Unless it's an essential element of your show, maybe try other songs with less challenging timing to really get your timing in sync and come back to Learn to Fly when you're better able to play together...
  4. 12BitSlab

    12BitSlab Gold Supporting Member

    Nov 28, 2016
    Liberty Township
    My life experiences would lead me down a different path.

    OP, you mentioned that the 2nd guitar player doesn’t have poor timing on all songs - just the more difficult ones. In the past when I have seen this, it is because the guitar player (or bass player) is playing with a death grip. That is the fretting hand is exerting far too much force to the back of the neck and the fretboard.

    If I were in your shoes, I would find a time (before or after rehearsal) when you can have some privacy and have a discussion. Instead of saying, you’re doing this wrong, take the tact around, “You know, I used to have challenges staying on the beat on really tough songs. I discovered that I was gripping way too much with my left hand. I found that if I had a light grip regardless of which song I was playing, my timing was far better. Do you think you have the same issue from time to time?”

    Then, allow him the time to think and respond. The light might turn on for him or it may not. If it does, the band gets better and the 2nd guitar player gains confidence.

    Good luck on making your band better!
    Ronzo, stomp944 and johnnynitro like this.
  5. AGCurry

    AGCurry Supporting Member

    Jun 29, 2005
    St. Louis
    ^^^ Yes ^^^

    The first step in fixing a problem is recognizing the problem. Make a click track, and each of you records his part to it. The truth will out.
    Ekulati, Carl Hillman, And I and 2 others like this.
  6. sean_on_bass


    Dec 29, 2005
    A few options come to mind, from best to worst IMO:

    -Call out the issue with the parts right there during your rehearsals, since that is what rehearsals are for. Don't have some overdramatic band meeting where you point out his flaws, that will put him on the defensive

    -Bring up the original recording and analyze it a bit as a group during rehearsal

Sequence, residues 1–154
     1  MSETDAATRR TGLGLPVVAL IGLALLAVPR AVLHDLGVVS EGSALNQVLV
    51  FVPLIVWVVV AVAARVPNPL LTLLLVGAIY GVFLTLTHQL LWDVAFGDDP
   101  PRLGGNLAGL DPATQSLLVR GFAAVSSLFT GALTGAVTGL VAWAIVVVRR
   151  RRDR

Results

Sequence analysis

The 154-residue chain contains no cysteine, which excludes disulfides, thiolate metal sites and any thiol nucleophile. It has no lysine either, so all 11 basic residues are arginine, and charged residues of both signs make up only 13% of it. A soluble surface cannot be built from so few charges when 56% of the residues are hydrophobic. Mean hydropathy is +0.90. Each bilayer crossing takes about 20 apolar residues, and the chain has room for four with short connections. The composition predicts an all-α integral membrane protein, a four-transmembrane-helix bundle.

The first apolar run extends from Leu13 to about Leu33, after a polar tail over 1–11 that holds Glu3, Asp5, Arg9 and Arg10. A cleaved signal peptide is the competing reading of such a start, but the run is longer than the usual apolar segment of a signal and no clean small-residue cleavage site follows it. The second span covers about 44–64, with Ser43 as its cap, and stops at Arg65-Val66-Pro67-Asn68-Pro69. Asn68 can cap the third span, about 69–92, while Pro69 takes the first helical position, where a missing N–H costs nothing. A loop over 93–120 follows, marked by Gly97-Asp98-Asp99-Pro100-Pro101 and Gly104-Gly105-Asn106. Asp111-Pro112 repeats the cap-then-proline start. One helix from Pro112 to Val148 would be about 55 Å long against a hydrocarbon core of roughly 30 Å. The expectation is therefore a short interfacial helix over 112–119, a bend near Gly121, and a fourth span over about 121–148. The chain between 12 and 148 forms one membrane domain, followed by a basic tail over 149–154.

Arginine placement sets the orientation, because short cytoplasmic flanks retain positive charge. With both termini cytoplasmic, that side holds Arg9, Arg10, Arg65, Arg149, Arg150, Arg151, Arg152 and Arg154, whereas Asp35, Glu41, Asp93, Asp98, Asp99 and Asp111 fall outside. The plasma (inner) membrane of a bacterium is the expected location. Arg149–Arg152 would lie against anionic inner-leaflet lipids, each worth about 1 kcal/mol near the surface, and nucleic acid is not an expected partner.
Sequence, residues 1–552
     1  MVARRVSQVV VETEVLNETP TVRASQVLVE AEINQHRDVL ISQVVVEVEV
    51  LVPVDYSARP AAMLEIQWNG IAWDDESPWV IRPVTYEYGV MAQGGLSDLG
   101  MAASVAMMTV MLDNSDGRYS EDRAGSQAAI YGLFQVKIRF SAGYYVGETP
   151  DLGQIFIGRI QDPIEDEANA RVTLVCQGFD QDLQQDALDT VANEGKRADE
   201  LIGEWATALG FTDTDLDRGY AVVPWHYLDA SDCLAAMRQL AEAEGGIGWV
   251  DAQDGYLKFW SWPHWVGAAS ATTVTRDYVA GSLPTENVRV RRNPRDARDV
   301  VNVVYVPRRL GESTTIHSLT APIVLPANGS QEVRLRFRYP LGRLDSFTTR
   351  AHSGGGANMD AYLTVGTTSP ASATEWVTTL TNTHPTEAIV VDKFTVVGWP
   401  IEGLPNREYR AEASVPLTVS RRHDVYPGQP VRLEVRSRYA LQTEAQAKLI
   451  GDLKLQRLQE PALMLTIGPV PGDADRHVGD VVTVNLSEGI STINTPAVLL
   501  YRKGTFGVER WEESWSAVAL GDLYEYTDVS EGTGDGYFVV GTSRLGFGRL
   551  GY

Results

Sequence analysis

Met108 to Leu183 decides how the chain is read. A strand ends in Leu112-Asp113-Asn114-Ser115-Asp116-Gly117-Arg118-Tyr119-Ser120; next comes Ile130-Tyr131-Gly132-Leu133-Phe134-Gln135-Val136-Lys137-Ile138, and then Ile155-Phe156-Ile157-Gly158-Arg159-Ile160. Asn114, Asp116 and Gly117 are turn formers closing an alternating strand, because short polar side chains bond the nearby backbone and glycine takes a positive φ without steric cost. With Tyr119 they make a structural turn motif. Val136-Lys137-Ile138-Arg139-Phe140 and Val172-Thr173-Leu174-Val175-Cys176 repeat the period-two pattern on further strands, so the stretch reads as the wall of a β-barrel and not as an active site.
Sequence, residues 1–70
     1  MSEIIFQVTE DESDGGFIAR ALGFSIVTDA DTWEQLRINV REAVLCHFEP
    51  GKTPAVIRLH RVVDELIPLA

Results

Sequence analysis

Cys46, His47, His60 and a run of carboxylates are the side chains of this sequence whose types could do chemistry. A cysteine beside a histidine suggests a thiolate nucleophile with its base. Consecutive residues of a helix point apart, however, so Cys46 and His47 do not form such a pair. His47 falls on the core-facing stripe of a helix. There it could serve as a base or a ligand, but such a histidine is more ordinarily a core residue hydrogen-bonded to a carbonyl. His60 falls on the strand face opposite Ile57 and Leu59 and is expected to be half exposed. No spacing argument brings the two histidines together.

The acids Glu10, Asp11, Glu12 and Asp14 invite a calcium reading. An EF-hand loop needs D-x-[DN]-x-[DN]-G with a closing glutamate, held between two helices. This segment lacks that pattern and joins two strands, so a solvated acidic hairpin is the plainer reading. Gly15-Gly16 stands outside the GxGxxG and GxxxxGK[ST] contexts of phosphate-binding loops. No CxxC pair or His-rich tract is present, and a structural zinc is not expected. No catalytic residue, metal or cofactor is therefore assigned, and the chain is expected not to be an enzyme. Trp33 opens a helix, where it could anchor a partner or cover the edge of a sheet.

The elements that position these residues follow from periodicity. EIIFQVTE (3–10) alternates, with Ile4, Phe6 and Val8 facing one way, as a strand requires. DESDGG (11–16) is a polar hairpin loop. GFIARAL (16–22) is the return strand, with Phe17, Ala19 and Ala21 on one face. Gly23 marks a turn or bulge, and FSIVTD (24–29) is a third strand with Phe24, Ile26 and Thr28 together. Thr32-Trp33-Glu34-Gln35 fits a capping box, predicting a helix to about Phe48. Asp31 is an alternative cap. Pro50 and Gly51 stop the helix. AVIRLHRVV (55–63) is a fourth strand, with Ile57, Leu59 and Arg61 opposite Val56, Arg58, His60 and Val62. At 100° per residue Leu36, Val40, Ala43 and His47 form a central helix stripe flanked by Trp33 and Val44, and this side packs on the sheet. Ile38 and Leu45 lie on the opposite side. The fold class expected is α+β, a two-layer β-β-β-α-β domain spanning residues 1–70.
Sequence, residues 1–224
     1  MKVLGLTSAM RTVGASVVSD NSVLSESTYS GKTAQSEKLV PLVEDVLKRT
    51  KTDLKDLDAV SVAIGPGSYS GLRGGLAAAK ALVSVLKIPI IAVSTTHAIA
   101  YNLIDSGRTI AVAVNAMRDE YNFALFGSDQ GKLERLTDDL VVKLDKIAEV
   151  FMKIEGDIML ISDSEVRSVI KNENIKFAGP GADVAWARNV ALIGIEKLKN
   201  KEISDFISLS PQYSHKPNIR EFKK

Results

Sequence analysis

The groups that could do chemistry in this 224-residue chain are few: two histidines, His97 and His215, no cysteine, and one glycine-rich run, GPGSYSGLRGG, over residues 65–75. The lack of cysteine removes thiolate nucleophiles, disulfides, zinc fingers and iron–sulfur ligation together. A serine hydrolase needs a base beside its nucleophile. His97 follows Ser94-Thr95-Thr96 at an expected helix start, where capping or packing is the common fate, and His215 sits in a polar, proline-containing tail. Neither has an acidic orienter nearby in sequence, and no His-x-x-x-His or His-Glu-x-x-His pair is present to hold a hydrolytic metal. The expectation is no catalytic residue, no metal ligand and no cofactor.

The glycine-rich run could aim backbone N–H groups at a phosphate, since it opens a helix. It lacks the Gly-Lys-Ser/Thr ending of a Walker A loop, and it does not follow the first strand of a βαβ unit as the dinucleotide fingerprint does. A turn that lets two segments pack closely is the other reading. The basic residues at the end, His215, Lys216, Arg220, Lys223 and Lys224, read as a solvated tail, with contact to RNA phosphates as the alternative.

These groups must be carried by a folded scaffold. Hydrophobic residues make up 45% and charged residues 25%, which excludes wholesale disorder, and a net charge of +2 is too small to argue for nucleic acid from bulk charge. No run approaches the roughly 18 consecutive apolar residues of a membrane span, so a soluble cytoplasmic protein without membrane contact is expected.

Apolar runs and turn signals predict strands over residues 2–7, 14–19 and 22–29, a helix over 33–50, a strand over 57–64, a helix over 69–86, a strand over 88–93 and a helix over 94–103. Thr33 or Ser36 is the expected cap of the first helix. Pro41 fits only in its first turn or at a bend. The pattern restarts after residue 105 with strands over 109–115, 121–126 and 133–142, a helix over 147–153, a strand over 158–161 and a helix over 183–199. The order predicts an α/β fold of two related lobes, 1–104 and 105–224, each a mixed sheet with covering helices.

-Just go along with how he plays it and make it work, assuming what he is playing sounds good even if it doesn't match the original exactly

    -Avoid playing the songs he sucks at and focus on the ones he does well...if there are any

    -Let the guitar player go if he literally can't make anything work well

    -If the guitarist isn't let go and this is a deal breaker for you, leave the project
  7. During my music store career one of my guitar customers came back after buying a metronome a few days earlier. He told me he threw it against the wall in a fit of rage claiming that it didn't keep time with him.
  8. 40Hz

    40Hz Supporting Member

    May 24, 2006
    I think the above two things are the primary drivers of the timing problem you’re having.

    Address the sound levels and practice issues and I think your timing problem may go away - or at least be minimized enough to be fixable.

    Luck! :thumbsup: And welcome to TB. :)
  9. JeezyMcNuggles

    JeezyMcNuggles Supporting Member

    Feb 23, 2018
    Santa Maria, CA
    I suck, but nobody really notices
    Well, score one for bass players.

    Okay, so timing comes from the drums and bass. If they're both tight, which I'm assuming they are, the guitars and keys can pretty much play anything they want to in key, and it will sound good. Unless, your volumes are overbearing, or your tones are clashing...and overbearing. Hahahaha. Try eqing out some low mid in both of your guitars. You'll be amazed at how it cleans everything up.

    To fix your issue at hand about parts, learn the songs, correctly. Correctly learn the songs. Learn the songs correctly. Drop your low mids, learn the songs (correctly). Having two guitarists is a balancing act of eq, dynamics, and styles. Most of the time, one guitarist is actually recording both guitar parts, on one guitar. That way everything sounds as clean and cohesive as possible on the finished product. You guys need to be a team.

    Know what I mean?
  10. Wasnex


    Dec 25, 2011
    You might both be right, and at the same time you are both wrong.

    Frequently when there are two rhythm players a compromise must be worked out so the parts interlock and complement each other. If neither of you is willing to budge, you're stuck with garbage. So maybe it's less about how to communicate, and more about being willing to make changes that actually make it possible for both of you to play together and sound great..

    Rarely is it going to sound great if you both play the exact same guitar part. If you play the same syncopations, you may wont' to play a different chord inversions. Often it's better to play drastically different parts.